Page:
Lara Schmoisman 5:59
It doesn’t mean that at the end of the day or the day of the experience, they’re going to make the return of investment.
David De Nino 6:06
No, no, they’re not even coming close to be honest with you. They’re not coming close. So it’s positioned to brands. First, of course, it is, as you mentioned, it’s a pay-to-play exercise. So welcome to traditional retail setting where, hey, we’re going to cut a brand new purchase order, we’re going to be a wholesaler of record, we’ll buy products, we’ll store them downstairs in inventory, and we’ll see what we can sell. No, it wasn’t that at all. We didn’t cut any purchase orders. Brand has provided products on consignment, which means they send in a few dozen, or a few 100. At most units, we store them downstairs, we are indeed the merchant of record, we pay retail sales tax on them. We have a resellers license in New York City. But the thrust of the exercise in the value is people consumers coming into the law store and discovering and approximating themselves with brands and brand stories. Now for brands, it’s also an opportunity to align themselves with the lore, the name, the authority, the credibility,
Lara Schmoisman 7:11
This is something that the brands do all the time as a PR exercise to get themselves featured in a magazine that Ash you should explain earlier, it’s loosened distribution.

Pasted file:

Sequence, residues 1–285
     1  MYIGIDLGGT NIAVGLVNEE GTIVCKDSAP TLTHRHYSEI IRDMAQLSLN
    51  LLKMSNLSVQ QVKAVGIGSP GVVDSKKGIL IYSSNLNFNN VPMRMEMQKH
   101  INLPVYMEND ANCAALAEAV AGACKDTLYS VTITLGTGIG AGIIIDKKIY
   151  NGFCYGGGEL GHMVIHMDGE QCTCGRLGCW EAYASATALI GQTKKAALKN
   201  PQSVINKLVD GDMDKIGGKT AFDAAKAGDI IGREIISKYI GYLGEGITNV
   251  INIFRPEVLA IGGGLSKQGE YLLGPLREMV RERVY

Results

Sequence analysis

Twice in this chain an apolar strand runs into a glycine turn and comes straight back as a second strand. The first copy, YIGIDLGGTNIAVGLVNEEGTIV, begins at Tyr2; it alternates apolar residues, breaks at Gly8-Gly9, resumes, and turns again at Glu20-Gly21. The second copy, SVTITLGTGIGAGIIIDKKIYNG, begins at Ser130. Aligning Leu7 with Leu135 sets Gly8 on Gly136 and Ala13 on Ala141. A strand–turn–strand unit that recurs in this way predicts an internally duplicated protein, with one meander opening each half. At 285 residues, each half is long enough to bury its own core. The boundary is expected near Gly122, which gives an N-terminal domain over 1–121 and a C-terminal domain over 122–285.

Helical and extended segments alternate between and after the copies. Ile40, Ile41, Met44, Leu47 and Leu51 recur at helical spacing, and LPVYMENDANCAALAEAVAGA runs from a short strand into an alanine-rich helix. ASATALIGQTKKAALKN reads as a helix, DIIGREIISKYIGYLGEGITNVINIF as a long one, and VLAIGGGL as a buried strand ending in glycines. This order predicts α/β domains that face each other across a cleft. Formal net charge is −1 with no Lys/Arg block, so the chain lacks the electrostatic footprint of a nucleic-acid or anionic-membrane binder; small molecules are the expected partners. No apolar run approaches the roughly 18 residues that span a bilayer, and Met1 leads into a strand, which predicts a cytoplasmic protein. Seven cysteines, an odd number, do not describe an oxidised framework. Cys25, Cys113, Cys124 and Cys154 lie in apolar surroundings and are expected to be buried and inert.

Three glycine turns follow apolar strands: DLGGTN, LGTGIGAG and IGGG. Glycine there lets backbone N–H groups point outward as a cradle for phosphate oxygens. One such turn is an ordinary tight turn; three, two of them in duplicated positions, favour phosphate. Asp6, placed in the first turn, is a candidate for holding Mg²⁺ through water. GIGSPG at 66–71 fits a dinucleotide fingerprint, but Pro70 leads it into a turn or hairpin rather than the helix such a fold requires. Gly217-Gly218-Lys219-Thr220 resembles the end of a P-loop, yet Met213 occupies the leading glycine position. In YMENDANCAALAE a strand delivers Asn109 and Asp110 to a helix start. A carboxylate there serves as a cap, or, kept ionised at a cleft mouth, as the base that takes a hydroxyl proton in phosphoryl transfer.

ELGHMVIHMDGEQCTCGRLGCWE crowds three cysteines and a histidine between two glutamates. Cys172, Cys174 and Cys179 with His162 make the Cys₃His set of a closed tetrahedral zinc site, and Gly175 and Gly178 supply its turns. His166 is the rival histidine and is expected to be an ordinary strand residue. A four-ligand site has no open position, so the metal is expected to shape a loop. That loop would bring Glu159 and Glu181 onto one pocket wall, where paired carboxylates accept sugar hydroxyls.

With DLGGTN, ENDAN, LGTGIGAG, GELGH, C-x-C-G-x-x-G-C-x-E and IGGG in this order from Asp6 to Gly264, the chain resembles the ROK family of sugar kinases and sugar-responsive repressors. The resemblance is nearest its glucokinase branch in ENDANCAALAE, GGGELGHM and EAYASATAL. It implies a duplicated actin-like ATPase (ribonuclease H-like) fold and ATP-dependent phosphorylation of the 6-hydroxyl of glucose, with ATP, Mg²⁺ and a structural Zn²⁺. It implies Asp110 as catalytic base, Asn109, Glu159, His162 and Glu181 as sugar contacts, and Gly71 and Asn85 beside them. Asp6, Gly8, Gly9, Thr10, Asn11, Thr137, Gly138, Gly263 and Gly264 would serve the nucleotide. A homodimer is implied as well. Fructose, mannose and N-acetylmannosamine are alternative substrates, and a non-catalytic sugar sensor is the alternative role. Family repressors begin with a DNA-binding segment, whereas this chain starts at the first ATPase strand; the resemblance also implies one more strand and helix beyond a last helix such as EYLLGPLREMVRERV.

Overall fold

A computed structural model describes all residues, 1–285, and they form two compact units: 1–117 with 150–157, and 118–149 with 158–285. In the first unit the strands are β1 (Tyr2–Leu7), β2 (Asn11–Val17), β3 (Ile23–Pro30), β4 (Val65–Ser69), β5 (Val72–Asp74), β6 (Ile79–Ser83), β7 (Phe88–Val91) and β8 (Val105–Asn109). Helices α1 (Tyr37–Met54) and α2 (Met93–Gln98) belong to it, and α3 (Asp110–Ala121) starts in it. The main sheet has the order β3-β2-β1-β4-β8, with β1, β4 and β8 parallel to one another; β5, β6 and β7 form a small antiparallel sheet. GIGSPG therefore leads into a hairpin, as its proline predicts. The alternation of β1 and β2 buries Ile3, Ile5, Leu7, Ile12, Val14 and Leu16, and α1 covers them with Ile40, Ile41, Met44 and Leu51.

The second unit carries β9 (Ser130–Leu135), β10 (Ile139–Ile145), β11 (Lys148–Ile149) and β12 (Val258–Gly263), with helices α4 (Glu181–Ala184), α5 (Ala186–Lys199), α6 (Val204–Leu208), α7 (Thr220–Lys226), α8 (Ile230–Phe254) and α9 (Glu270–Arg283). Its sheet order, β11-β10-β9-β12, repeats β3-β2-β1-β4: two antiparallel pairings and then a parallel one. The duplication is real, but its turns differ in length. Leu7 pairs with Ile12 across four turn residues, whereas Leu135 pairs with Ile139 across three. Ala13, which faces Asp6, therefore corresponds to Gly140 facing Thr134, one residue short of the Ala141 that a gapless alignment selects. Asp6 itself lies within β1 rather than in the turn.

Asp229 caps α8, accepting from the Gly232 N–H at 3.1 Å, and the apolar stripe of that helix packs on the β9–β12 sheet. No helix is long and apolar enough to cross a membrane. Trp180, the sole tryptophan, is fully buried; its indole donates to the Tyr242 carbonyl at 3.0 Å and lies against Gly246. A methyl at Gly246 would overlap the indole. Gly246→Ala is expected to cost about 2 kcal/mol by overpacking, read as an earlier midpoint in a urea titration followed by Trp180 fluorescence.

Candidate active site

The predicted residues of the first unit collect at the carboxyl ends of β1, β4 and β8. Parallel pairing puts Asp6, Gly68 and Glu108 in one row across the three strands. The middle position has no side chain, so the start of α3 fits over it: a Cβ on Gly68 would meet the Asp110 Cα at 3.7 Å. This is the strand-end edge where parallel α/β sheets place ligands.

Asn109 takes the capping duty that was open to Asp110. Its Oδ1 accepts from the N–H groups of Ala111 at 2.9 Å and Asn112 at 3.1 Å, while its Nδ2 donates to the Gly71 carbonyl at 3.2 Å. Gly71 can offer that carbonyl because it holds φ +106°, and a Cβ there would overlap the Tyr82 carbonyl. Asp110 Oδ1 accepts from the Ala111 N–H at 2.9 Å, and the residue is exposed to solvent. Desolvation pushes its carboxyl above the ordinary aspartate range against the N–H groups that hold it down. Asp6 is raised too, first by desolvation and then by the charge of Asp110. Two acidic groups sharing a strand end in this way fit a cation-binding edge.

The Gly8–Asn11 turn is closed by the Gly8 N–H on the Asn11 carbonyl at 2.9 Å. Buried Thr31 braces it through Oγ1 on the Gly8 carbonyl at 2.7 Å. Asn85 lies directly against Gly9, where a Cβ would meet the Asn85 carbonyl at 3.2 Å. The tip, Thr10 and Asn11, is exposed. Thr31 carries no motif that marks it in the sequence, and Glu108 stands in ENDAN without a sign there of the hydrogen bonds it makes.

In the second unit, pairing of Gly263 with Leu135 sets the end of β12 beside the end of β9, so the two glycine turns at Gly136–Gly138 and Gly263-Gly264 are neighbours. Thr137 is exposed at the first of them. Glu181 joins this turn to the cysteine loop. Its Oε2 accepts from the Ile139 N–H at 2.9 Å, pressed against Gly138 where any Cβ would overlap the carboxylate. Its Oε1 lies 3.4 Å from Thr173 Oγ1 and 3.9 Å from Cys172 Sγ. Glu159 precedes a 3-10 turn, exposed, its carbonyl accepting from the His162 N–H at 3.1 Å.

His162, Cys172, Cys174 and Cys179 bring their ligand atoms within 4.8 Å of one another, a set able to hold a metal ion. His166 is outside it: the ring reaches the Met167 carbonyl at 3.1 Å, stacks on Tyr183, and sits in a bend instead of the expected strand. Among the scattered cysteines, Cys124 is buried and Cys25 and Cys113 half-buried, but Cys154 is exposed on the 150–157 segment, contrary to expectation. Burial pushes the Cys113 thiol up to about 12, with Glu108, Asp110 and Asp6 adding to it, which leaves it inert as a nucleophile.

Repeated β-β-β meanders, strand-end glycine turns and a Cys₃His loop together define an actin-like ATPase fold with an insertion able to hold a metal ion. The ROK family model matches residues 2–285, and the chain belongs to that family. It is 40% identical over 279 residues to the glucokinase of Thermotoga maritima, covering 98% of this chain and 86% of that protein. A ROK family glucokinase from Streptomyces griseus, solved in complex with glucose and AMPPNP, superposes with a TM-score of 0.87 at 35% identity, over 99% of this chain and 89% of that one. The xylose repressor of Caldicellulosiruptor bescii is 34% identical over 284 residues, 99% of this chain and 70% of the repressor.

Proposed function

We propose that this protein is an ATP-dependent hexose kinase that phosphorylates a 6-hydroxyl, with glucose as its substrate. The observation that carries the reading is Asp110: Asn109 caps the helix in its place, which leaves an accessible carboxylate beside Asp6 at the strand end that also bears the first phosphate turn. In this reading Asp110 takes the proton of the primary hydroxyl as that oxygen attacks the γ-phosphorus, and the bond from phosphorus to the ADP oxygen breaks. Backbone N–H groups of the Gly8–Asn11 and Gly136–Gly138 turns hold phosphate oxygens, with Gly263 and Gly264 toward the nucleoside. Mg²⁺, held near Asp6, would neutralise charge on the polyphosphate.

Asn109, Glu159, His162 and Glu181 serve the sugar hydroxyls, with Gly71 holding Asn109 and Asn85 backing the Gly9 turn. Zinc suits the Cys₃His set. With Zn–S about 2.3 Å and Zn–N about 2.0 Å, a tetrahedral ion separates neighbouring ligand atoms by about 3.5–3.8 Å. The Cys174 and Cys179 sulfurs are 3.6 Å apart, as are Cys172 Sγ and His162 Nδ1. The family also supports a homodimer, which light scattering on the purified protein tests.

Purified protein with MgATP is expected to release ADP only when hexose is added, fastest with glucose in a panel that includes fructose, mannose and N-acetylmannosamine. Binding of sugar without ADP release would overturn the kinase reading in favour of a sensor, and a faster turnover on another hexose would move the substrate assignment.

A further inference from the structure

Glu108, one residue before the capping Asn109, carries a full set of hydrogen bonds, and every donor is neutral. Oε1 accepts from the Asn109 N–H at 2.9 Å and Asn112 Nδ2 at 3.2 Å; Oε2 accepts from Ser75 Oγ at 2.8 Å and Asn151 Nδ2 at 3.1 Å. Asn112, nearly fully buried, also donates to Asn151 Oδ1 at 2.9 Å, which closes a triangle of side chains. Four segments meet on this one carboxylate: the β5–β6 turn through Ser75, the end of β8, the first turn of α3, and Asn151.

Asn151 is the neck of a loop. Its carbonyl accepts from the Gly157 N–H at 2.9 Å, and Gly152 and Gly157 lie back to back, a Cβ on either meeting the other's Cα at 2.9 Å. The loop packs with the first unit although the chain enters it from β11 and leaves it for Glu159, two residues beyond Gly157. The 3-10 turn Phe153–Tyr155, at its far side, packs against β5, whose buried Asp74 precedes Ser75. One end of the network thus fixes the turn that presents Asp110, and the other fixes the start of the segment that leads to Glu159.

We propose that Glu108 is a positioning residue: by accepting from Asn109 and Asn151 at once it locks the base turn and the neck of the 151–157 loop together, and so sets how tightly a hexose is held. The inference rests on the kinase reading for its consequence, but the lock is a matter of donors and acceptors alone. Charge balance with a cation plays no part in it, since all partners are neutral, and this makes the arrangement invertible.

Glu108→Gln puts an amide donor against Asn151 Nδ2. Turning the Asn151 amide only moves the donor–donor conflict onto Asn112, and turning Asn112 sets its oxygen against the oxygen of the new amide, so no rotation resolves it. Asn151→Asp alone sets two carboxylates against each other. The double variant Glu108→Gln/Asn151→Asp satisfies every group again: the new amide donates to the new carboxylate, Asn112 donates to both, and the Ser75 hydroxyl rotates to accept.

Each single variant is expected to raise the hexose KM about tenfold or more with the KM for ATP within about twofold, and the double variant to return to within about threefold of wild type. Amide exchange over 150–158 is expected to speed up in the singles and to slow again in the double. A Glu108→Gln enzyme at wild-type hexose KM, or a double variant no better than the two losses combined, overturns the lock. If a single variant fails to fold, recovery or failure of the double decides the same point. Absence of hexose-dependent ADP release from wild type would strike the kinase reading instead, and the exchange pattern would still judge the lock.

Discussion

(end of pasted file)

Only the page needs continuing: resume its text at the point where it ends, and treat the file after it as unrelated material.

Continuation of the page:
David De Nino 7:24
So it’s also still very costly. Yeah, right. And so if your publicist or someone in-house and a brand, were to pick up the phone and say, hey, I want to buy media from Conde Nast from Hearst, from Penske, whomever, it’s very unlikely you get an entry point in the 1000s of dollars, meaning 3000, or 5000, or 7000. These media packages are nowadays mostly going to be 1015 25 50k, depending on of course, the audience and the reach, and the ad unit that you’re buying the media package that you’re buying. But our proposition was deliberately more economical, which meant it opened up the perspective brand partners, to a much wider audience, the people that can invest in a glossy magazine, whether it’s print or now online, it’s a lot smaller. And that’s why when you go to these big media outlets online or on social, you do if you pay close attention, kind of see a lot of repeat characters.
Lara Schmoisman 8:31
Because a lot of the structure in the PR world have changed. They can change and now that they’re charging for presents, the paper play became like really important player right now. It’s just not only about getting featured in a magazine, you have the opportunity to be as seen on a magazine if you pay for it.
David De Nino 8:59